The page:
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Casinos and Crime

Posted by jkarmel on June 2, 2010

[Originally published on November 3, 2008]

What’s wrong with this picture?

If nothing else, the Maryland referendum battle has brought forth some interesting ideas and popular notions about casino gaming. One of the most prominent is the idea oft-repeated by slots opponents that casinos lead to crime. An anti-slots ad in an Ocean City, MD newspaper highlighted a supposed connection between casinos and crime in West Virginia and Mississippi. Another opposition ad pointed out that “In the first three years of gambling in Atlantic City, New Jersey went from 50th in nation in per capita crime to 1st in the nation” – a dubious stat, lacking context and sufficient analysis.

There really is very little evidence to support this idea, and in fact, the National Gambling Impact Study Commission (1999) reported no direct connection between the two. Sure, petty crimes increase whenever you have large gatherings of people such as around stadiums, but the idea that bringing a casino into your community will inevitably lead to a crime wave just doesn’t hold up to research-based scrutiny.

So, why is this such a widely-held belief? I speculate that it may have something to do with the widely-held perceptions of the Atlantic City experience of the 1980s, when the city quadrupled its number of visitors within 3 years of Resorts’ opening and was completely unprepared for the onslaught. So AC crime spiked as the national spotlight turned to the city when it came to casino culture – before Las Vegas took off after the Mirage opened in 1989 and casinos sprouted all over the nation in the 1990s. As well, the crack epidemic hit & by the end of the 1980s AC had developed a nasty reputation as a bi-polar sort of place with glitzy casinos for tourists & desolate crime-ridden poverty for the locals.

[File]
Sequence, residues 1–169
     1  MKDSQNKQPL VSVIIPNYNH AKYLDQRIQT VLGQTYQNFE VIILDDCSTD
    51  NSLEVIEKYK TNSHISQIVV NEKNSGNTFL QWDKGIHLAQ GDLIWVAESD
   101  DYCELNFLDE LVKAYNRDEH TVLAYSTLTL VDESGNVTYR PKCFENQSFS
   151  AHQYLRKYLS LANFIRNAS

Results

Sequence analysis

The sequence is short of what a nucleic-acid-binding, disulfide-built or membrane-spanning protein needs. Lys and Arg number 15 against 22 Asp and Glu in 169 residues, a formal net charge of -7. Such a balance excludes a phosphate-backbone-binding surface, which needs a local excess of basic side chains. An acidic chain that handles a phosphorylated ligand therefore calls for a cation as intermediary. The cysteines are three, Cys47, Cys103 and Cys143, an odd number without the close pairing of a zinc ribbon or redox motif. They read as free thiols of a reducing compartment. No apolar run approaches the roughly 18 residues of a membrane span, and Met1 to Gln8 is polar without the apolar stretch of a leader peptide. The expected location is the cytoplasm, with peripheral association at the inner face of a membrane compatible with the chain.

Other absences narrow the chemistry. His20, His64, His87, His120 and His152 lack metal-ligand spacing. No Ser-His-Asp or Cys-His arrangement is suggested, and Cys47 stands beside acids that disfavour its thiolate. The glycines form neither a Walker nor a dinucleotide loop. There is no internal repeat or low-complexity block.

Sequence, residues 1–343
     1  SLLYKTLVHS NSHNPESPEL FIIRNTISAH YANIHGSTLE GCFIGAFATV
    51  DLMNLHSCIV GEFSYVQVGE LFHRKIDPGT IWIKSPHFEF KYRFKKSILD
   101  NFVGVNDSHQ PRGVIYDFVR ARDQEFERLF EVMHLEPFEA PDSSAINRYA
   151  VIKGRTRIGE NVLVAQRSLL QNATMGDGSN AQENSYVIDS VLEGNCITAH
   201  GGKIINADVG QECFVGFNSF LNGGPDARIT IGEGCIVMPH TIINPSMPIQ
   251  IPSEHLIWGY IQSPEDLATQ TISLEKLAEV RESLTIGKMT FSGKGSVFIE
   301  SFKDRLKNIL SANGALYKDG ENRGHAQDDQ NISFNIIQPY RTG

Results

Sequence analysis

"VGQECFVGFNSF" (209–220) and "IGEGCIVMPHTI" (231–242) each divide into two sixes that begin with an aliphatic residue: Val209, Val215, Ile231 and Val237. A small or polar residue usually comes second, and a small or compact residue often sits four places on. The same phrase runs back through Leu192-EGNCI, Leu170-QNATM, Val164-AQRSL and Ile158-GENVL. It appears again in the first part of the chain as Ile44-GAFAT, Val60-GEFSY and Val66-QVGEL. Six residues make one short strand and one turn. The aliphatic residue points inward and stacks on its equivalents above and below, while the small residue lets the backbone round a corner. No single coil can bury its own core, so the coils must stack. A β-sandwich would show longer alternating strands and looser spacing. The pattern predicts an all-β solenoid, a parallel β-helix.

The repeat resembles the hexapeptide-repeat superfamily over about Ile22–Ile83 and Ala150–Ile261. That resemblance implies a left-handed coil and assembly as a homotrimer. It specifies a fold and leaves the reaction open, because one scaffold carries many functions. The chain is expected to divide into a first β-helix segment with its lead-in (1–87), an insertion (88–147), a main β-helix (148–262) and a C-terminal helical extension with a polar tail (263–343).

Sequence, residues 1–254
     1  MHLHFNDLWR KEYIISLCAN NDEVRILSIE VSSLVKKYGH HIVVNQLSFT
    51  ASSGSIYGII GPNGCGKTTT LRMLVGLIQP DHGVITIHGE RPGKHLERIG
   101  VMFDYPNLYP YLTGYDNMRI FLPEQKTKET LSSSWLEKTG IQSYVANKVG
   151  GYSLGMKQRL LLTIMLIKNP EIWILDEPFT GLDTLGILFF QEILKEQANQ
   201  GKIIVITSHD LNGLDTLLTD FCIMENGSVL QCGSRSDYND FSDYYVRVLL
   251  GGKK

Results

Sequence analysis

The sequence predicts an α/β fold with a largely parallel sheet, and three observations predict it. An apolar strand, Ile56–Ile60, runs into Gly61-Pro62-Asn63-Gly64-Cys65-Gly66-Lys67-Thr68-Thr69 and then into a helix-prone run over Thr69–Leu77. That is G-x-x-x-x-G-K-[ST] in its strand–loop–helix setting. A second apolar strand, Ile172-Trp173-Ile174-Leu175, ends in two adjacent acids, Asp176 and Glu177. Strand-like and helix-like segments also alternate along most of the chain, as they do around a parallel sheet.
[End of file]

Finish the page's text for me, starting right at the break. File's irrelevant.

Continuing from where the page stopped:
The intense media focus on AC in the late 1970s & 1980s (its eastern monopoly years) planted a popular attitude that hasn’t faded much, despite the reality of AC’s progress in the 1990s and 2000s.

So, the connection took hold in the popular milieu– at least to many on the east coast: casinos = crime. Of course, this perception missed the reality that pre-casino AC was much worse in the 1970s. Yet, while crime spiked in Atlantic City (as it did in cities across the country), it actually went down in Atlantic County measured proportionately according to population, where most of the casino employees lived and which experienced a terrific casino-fueled boom from 1978 to 1990.

Yet, still…the perception holds and is exploited by gaming forces…alas…in politics, in life, perception is reality.

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